Though Georgians are plenty proud of their entire country, there’s a special place in their hearts for the Black Sea region of Adjara. Sitting right next door to Turkey, the Autonomous Republic of Adjara, as the area is officially known, is a land of pristine beaches, high mountains and amazing food. Although Adjara is on the coast of the so-called Black Sea the waters in the area are azure blue, and very very warm. Swimming season in Adjara lasts from May well into October, sometimes longer, while July and August are tourist season. The capital of Adjara is Batumi. With laid back streets lined with palm trees and gorgeous 19th century architecture, it feels more like the Caribbean than Eastern Europe. Boasting cinemas, theatres and museums, an Opera House and Circus, as well as the longest Boulevard in Europe (all of which has free wi-fi access). Adjara is a 19th century resort brought firmly into the modern age, CNN has described the last few years in Batumi as a “miracle”, with big international names like Sheraton and Hayatt helping the economic transformation of the city. Nightclubs, bars, beautiful gardens and amusement parks, tiny boutique shops and cafés mean that there’s always a good time to be had in Batumi. Batumi has always been a highly diverse place. One hundred years ago the town hosted one of the worlds first oil pipelines, owned by the Nobel brothers, and since then it has attracted people from all over Georgia, as well as Jews, Armenians, Russians, Greeks and Turks.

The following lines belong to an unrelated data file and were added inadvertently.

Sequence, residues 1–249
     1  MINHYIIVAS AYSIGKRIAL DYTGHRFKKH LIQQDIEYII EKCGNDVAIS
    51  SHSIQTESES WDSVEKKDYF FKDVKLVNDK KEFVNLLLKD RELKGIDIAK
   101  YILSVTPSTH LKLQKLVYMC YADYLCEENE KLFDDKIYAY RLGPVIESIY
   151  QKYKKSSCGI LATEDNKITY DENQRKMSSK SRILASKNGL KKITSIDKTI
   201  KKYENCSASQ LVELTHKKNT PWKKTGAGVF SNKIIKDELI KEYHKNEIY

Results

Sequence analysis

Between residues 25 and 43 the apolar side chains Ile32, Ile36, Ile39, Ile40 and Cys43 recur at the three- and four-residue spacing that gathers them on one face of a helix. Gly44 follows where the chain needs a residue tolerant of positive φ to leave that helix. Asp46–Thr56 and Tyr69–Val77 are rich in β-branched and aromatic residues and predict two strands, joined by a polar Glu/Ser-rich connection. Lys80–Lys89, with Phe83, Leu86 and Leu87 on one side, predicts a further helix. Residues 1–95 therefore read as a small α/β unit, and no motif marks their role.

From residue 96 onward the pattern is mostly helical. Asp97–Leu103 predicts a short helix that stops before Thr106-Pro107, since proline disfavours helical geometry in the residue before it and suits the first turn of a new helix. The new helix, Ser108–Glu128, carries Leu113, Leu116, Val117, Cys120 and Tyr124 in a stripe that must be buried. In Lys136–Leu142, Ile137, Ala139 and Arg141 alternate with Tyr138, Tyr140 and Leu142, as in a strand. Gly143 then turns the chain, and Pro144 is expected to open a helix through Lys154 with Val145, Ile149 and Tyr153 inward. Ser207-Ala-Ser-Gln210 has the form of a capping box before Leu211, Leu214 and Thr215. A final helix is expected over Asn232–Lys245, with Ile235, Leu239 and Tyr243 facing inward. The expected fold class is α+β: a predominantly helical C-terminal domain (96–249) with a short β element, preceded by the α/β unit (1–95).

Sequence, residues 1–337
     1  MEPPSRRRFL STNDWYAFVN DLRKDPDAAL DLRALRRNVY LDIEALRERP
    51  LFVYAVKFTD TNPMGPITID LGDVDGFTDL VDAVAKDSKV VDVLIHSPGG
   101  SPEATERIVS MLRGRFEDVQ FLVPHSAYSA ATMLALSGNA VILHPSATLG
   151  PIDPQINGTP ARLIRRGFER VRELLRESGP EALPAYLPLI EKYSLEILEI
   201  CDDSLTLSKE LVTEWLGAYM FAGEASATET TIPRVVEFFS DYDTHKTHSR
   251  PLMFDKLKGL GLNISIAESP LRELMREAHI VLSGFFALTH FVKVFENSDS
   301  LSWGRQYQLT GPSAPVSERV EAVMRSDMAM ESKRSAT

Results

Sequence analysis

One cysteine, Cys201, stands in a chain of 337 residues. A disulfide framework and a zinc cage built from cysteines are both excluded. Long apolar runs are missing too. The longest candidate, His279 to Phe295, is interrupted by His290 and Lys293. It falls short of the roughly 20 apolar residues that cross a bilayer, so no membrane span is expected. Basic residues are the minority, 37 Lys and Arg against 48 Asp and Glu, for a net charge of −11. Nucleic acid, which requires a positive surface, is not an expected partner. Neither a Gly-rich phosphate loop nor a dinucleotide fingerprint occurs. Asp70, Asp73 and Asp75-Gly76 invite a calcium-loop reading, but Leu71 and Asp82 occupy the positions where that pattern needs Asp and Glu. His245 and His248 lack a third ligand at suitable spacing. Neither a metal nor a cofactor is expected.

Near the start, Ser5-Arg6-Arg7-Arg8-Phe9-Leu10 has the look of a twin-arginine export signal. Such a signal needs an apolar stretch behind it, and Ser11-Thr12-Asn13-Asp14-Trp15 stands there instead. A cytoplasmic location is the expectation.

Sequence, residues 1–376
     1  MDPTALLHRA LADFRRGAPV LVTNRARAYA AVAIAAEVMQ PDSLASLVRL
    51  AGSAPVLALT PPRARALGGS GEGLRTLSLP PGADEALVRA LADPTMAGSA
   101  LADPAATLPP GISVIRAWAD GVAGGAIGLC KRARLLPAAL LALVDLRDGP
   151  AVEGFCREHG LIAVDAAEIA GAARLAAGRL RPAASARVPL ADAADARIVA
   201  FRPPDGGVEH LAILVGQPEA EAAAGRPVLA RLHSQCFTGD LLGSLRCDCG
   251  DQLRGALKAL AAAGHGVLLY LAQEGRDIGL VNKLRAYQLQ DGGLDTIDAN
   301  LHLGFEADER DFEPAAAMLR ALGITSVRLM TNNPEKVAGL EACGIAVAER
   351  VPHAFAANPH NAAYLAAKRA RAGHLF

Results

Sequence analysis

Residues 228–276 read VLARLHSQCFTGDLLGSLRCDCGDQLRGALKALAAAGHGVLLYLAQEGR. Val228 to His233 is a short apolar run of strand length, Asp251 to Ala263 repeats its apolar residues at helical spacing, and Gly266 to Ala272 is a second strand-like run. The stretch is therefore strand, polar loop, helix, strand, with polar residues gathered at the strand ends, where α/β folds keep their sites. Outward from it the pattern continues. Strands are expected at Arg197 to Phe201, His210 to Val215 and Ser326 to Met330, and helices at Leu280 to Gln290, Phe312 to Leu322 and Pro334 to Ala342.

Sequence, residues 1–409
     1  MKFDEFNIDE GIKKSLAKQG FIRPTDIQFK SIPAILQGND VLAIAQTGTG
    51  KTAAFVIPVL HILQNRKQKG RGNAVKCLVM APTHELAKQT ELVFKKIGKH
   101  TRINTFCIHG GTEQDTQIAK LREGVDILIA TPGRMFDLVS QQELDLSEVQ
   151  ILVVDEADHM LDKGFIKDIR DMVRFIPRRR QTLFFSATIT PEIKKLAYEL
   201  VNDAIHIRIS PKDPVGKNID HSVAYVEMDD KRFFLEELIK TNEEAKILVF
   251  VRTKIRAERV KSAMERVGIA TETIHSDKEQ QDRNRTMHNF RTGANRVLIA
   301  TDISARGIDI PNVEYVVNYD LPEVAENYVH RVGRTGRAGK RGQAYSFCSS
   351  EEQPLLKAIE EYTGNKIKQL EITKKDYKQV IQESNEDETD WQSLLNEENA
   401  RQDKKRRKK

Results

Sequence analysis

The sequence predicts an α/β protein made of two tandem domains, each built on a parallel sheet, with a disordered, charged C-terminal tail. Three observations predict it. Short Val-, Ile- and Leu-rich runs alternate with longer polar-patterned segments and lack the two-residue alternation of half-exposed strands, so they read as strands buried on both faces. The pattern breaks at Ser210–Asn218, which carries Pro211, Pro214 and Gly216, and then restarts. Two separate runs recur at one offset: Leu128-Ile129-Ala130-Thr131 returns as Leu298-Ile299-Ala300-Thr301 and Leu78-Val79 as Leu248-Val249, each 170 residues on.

Being right next to Turkey, some Adjarians are Muslims, and Batumi features a charming Ottoman era mosque right in the middle of the old town. The subtropical Adjaran mountains are hypnotically beautiful. Orange, tangerine and lemon groves, beautiful orchards, forests, mountain streams and waterfalls make the entire region truly breathtaking. The mountains, which reach over 3000 meters, are home to dozens of mineral water springs, charming wooden villages and medieval bridges. Fifteen percent of Adjara is made up of protected areas, in three separate reserves. The protected ecosystems include zones of temperate rainforest, coastal wetlands and peat bogs. Adjara is a multi-national region, as evidenced by
the abundance of different places of worship. Orthodox, Catholic and Armenian churches stand cheek by jowl in Batumi, along with a Synagogue and a mosque. For so long a major trading hub, Adjara has ancient populations of Pontic Greeks, as well as Armenians, Russians, Ukrainians, Azerbaijanis, Jews and Turks. No matter who your hosts are, though, guests are treated with immense hospitality by the locals, who preserve ancient songs and traditional dances that haven’t changed in centuries.